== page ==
KOKOMO, Ind. — NOTE: The above video is from a report at the time of Scott's arrest in July 2020.
Krystal Cherika Scott accepted a plea deal Wednesday on two counts of animal crushing. She was sentenced 30 months in prison and given five years supervised release. She was also ordered to not have any pets during the length of her supervised release. Scott had asked the judge for permission to see her dog after she was released from prison. The probation department will have to petition to have the motion changed upon her release.
Scott had faced up to seven years in prison, a $250,000 fine and three years of supervised release on each of the charges.
The sentencing memo reads in part:
Ms. Scott's crimes were intentional, deliberate act of sadistic cruelty that spanned at least several months, and included the intentional killing and torture of multiple animals as well as the uploading of numerous videos on social media.
For months, animal advocates and internet sleuths across the country saw the gruesome videos and images shared on several social media platforms and knew they had to do something. Their efforts finally lead authorities to Scott's home in July 2020.
According to the PC, Scott admitted to torturing and killing animals, telling agents, her "good side loves cats and dogs but her bad side tells her to commit acts of animal cruelty."
Scott allegedly used many aliases on social media to look for people trying to find good homes for pets they had to give up.
The Boise (Idaho) Police Department got involved after hearing from concerned residents there, thinking at the time the person behind the videos lived in Idaho. Court documents say on June 18, 2020, Boise Police prepared a search warrant for several Instagram accounts, one with the message "I'll be killing a pregnant Siamese and a kitten later on today."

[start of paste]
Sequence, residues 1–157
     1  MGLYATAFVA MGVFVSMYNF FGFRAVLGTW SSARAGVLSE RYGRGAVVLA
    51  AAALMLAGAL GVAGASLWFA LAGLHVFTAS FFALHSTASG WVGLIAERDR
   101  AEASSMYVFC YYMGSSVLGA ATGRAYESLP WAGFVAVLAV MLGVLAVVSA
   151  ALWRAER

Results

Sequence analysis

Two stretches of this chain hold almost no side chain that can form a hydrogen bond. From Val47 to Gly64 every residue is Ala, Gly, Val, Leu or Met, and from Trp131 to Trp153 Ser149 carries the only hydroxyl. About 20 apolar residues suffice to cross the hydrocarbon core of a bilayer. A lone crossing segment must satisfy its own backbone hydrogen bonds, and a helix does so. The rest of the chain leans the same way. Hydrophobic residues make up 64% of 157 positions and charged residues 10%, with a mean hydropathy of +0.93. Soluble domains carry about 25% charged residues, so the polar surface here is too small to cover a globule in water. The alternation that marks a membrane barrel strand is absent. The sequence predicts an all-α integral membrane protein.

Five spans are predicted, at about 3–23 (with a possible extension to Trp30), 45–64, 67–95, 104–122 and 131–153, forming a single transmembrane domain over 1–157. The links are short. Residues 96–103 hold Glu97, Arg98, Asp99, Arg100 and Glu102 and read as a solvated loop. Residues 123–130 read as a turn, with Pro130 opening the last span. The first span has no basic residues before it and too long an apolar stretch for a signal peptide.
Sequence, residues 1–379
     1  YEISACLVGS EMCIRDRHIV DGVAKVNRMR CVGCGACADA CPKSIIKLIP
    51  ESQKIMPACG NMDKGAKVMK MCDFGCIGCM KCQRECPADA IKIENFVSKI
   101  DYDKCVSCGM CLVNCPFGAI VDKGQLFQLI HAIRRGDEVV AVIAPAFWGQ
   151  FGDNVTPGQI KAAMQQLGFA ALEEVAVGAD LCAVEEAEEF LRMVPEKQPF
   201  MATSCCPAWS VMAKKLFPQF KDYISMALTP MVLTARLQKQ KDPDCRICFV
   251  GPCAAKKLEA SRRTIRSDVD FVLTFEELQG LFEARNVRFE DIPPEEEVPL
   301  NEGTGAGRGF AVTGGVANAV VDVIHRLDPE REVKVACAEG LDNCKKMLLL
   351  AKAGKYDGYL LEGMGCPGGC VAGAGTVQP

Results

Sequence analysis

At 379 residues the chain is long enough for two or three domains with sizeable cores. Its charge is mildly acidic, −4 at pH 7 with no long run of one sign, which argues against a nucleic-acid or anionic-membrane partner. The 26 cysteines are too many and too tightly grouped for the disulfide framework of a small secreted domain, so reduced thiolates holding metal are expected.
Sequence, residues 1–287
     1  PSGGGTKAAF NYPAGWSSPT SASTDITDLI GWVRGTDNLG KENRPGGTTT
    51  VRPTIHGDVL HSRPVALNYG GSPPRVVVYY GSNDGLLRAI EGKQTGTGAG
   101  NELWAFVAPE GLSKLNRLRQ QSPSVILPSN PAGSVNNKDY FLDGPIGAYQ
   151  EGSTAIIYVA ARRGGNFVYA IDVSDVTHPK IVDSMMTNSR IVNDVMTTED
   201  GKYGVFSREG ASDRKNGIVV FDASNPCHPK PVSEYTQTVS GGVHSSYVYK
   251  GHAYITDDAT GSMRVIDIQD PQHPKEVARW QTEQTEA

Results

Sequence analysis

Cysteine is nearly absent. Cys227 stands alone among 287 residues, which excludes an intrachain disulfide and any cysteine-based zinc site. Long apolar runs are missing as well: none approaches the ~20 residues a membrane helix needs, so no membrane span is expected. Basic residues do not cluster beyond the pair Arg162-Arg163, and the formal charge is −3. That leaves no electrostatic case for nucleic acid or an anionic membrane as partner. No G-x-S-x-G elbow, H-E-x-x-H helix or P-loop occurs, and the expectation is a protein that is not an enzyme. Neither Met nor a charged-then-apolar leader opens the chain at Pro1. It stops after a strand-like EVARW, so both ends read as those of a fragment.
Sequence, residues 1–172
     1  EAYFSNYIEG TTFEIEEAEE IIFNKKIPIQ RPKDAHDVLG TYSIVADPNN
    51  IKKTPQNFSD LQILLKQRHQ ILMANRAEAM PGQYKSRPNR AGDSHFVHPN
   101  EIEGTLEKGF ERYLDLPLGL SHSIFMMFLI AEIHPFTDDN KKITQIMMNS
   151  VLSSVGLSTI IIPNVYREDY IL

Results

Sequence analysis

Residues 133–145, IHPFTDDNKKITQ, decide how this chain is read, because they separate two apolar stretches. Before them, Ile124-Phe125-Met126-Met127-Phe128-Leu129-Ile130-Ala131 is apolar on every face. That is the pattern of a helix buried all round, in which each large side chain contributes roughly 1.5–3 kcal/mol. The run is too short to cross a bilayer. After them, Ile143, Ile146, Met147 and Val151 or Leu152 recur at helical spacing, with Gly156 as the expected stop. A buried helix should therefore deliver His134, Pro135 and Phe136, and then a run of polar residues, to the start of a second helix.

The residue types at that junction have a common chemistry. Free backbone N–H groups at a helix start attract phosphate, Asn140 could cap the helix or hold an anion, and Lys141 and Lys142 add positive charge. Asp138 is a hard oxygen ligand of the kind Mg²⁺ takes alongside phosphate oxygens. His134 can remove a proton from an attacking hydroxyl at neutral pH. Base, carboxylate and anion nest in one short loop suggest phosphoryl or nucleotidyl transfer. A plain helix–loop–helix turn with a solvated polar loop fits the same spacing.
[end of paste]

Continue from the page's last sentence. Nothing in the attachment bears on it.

The probable cause affidavit said, on that same day, someone brought a Siamese cat, a gray kitten and black kitten to Scott's home. An hour after the cats were dropped off, Scott posted a video of "hanging and strangling a grey kitten" with the comment, "Little s___ was still alive so rehanged it.”
Court documents indicate Scott crushed five dogs, five cats and 11 unborn kittens in total.
As part of her sentencing, the state of Indiana is asking for Scott to undergo a mental health evaluation prior to release.
Prosecutors included notes in the sentencing memo that there was a lack of remorse from Scott, citing a May 2021 incident in the Hamilton County Jail, where Scott allegedly brought a moth in from outside and crushed it with her hands in front of her cellmate.
Kokomo police were called twice to Scott's home on reports of animal cruelty.
On May 3, 2020, Scott consented to a search and provided two cellphones to officers. The PC said "Scott chose which phone to give the officers and they did not search Scott or Scott's residence for devices."
But the police report filed indicates they "seized multiple deceased animals and body parts," including "two cats in Scott's freezer," one cat skinned.
Police also seized a glass jar with an unidentified animal.
Scott told police the animals were dead when she got them. Police were unable to find information linking Scott to the alleged crimes.
Unaware of the FBI investigation, Kokomo police were called to Scott's home nearly two months later, on June 26, 2020, on another complaint of animal cruelty. The ASPCA contacted a man saying they believed a pregnant cat he gave to Scott may have been tortured.
According to charging documents, Scott denied ever having the cat. Officers saw 12 cats and asked for Scott's mother's cellphone, which she provided, but officers did not seize any other devices or computers, nor did they search for evidence of the June 18 strangulation video "because they were unaware of it."
Court documents say after Scott was arrested, she admitted to using aliases, avoided showing her face in videos and images to thwart efforts to identify her, and said she purposely gave Kokomo police a cell phone she knew had no evidence while hiding the phone she used when she saw FBI agents arrive.
Federal agents recovered three dogs, 12 cats and several reptiles from Scott's home, none of which showed obvious signs of abuse.